Nicholas Kristof Saves Another Woman

In The New York Times columnit's world, Kenya is just another Third World site of pathos, despair, degradation, and fallen women waiting to be saved.

Nicholas Kristof speaking to readers in November 2009 (World Affairs Council of Philadelphia, Flickr CC).

He’s back! After a decade or so of “saving” South East Asian sex workers from “slavery”, sometimes by actually purchasing them, Nicholas Kristof has found Africa. Kenya, to be specific, and there too sex workers – or in his words “prostitutes” – await.

In his most recent column, “Sewing her way out of poverty,” Kristof tells the story of Jane Ngoiri, a 38-year-old single mother of two, former slum dweller, now “prostitute-turned-businesswoman.” With the help of a group called Jamii Bora, formed initially by 50 “street beggars,” Ngoiri developed skills, learned to save, grew.

Then “catastrophe struck”. Ngoiri’s daughter was in an accident. Medical expenses were crushing. She had to take her son out of school. Fortunately, Kristof was there! He and his peeps collected money, and without having to resort to “street begging” or “prostitution”, and Ngoiri’s son is now back in school.

Kristof’s takeaway. Life for the poor in Kenya is terribly “fragile”.

But what is Kenya?

From Kristof’s account, it’s just another Third World site of pathos, despair, degradation, and fallen women waiting to be saved.

Kristof’s article couldn’t come at a more ironic moment. In Kenya, this past week has been described as “a week of tears.” A pipeline exploded, killing scores. It turns out, experts had warned about this very possibility. And who dies, or better who is killed? The poor. And who is culpable? The oil and gas companies and the State that conspire to not care about safety precautions. And so now, the stories emerge of the tally of the dead, of the tearful reunions of the survivors and their grateful loved ones.

These past couple days in Kenya have seen fires, violence against girls, drought. And more.

Kenyan small hold farmers, for example, are the vanguard of African agricultural development, as they are warriors in the various battles to combat climate change. And who are those small hold farmers? Women. Women like Wayua Mwanza, 36-years-old, and a mother of three. Kenyan women farmers teaching and learning from … Kenyan women farmers!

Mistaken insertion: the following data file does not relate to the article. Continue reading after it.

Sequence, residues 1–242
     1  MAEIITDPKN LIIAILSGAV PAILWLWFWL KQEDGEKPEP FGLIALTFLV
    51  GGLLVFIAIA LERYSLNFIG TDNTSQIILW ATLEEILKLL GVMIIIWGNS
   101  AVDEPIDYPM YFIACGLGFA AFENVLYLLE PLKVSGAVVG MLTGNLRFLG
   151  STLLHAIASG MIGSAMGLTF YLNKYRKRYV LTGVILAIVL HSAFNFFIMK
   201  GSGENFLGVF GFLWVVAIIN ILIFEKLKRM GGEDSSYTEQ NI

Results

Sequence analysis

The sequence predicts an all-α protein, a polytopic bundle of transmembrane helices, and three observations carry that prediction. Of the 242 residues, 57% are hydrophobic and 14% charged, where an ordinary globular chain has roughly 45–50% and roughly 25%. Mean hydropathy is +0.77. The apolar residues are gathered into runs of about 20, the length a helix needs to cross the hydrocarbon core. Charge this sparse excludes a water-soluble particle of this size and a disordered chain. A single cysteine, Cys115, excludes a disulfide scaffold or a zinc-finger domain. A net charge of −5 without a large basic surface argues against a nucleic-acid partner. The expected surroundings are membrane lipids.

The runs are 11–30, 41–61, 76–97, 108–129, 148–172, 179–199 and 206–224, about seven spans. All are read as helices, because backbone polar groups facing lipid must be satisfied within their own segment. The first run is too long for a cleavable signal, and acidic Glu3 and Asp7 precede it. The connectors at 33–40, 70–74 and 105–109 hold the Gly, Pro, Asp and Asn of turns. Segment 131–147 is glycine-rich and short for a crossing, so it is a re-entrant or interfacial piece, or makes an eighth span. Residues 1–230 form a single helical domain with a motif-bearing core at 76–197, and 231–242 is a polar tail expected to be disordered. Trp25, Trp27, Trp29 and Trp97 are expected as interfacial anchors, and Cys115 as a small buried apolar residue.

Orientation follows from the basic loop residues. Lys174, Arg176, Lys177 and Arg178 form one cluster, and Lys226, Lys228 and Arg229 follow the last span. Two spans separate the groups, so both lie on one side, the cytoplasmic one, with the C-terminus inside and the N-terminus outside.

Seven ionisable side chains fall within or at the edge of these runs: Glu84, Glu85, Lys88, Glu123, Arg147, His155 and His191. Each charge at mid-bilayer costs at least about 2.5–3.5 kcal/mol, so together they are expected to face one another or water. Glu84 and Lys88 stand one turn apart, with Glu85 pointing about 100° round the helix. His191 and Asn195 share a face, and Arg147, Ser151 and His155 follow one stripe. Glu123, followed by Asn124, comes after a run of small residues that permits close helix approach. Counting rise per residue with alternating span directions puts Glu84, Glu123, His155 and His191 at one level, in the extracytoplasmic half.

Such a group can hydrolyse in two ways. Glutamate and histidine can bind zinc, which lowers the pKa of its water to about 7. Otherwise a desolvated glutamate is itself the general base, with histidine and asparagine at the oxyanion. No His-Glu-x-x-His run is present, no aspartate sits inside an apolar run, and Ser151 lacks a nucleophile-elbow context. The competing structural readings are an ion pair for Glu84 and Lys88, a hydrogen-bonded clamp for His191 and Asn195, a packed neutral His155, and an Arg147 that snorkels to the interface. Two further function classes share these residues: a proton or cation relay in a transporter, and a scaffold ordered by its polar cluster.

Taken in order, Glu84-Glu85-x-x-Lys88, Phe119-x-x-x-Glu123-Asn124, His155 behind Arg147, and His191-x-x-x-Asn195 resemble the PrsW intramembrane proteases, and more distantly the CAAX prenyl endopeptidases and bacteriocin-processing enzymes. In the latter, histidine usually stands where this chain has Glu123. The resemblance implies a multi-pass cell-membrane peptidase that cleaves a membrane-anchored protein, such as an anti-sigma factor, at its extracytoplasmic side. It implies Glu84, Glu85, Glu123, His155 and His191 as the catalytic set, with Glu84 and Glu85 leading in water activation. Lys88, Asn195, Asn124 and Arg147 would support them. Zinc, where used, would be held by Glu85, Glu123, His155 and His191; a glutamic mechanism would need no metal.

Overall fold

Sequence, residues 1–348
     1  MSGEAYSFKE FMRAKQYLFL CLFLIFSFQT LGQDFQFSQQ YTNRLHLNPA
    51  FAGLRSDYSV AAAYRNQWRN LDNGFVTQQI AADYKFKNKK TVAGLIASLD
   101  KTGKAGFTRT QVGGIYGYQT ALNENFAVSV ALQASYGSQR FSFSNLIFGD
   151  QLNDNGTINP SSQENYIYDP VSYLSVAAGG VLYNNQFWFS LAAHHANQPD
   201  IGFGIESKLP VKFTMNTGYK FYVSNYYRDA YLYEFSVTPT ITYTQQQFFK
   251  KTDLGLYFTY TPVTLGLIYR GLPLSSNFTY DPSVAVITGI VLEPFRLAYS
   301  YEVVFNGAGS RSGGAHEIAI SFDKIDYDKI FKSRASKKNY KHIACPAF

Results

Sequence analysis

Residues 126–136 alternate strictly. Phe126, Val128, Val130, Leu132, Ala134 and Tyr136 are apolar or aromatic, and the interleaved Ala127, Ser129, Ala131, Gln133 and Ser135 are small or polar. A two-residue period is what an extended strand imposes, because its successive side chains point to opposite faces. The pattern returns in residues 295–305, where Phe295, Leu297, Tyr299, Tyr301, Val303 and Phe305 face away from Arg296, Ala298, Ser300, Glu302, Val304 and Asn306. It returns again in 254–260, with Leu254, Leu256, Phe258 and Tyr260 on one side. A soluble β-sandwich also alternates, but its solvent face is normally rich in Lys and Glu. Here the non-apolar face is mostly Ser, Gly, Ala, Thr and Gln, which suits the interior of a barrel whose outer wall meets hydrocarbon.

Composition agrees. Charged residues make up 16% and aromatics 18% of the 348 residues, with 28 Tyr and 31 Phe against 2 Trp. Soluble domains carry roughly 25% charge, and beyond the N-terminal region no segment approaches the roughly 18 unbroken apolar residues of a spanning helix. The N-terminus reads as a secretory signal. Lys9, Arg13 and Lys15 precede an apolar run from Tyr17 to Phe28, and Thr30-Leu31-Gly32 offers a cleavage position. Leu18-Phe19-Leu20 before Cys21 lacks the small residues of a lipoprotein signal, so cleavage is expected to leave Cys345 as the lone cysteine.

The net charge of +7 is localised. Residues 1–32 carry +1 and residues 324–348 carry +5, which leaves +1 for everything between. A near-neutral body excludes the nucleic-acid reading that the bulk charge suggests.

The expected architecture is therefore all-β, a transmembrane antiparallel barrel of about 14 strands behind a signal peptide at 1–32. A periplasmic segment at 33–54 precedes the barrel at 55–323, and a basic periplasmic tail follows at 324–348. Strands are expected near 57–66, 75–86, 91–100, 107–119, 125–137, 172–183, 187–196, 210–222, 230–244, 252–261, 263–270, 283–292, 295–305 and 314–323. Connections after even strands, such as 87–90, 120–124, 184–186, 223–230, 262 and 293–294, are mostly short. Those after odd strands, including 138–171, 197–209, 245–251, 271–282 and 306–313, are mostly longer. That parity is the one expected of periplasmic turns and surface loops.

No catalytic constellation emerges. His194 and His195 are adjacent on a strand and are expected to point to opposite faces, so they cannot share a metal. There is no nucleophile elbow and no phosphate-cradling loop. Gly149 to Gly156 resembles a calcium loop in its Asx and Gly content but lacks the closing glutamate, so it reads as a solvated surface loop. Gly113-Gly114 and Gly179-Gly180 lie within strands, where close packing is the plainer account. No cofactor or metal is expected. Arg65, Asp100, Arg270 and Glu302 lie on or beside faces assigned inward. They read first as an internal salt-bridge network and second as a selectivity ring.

As Somali women refugees move into Kenya, and in particular Dadaab, reputed by some to be the largest refugee camp or settlement in the world, many of them encounter antenatal clinics for the first time. That antenatal treatment is provided by Kenyan women, in ngo’s and in State agencies, as well as by non-Kenyans in various multinational ngo’s. Kenyan women teaching and working with … Somali women!

Earlier this week Cecillia Ng’etich, a candidate for public office in the Rift Valley, argued forcefully for women’s right to return to school, and for their partners’ responsibility to support them in that endeavor.

Life for the working poor, and especially for low- and no-income women, is always fragile … everywhere. And women cannot and are not waiting for some prince in shining white armor to come and rescue them. Women are organizing, at home, in the streets, in the shops, on the farms, in the refugee and IDP camps, in government, everywhere. Tell the story, but tell it right.

Further Reading

An unfinished project

Christian theology was appropriated to play an integral role in the justifying apartheid’s racist ideology. Black theologians resisted through a theology of the oppressed.

Writing while black

The film adaptation of Percival Everett’s novel ‘Erasure’ leaves little room to explore Black middle-class complicity in commodifying the traumas of Black working-class lives.

The Mogadishu analogy

In Gaza and Haiti, the specter of another Mogadishu is being raised to alert on-lookers and policymakers of unfolding tragedies. But we have to be careful when making comparisons.

Kwame Nkrumah today

New documents looking at British and American involvement in overthrowing Kwame Nkrumah give us pause to reflect on his legacy, and its resonances today.